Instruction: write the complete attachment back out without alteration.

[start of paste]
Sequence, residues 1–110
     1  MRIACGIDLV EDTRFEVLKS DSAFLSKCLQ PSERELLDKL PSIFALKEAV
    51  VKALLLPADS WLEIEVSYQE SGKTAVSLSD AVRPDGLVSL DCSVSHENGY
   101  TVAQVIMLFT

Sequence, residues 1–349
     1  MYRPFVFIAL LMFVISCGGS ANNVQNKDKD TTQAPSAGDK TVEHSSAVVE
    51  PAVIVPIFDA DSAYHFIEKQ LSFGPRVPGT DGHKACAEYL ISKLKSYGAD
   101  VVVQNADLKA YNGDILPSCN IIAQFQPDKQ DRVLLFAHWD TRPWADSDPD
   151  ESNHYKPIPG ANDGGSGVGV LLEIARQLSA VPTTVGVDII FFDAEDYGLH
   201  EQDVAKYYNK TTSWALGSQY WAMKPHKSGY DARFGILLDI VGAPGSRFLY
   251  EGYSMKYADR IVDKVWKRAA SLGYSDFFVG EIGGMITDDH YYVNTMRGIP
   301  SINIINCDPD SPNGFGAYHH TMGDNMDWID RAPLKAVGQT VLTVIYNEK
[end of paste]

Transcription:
Sequence, residues 1–110
     1  MRIACGIDLV EDTRFEVLKS DSAFLSKCLQ PSERELLDKL PSIFALKEAV
    51  VKALLLPADS WLEIEVSYQE SGKTAVSLSD AVRPDGLVSL DCSVSHENGY
   101  TVAQVIMLFT

Sequence, residues 1–349
     1  MYRPFVFIAL LMFVISCGGS ANNVQNKDKD TTQAPSAGDK TVEHSSAVVE
    51  PAVIVPIFDA DSAYHFIEKQ LSFGPRVPGT DGHKACAEYL ISKLKSYGAD
   101  VVVQNADLKA YNGDILPSCN IIAQFQPDKQ DRVLLFAHWD TRPWADSDPD
   151  ESNHYKPIPG ANDGGSGVGV LLEIARQLSA VPTTVGVDII FFDAEDYGLH
   201  EQDVAKYYNK TTSWALGSQY WAMKPHKSGY DARFGILLDI VGAPGSRFLY
   251  EGYSMKYADR IVDKVWKRAA SLGYSDFFVG EIGGMITDDH YYVNTMRGIP
   301  SINIINCDPD SPNGFGAYHH TMGDNMDWID RAPLKAVGQT VLTVIYNEK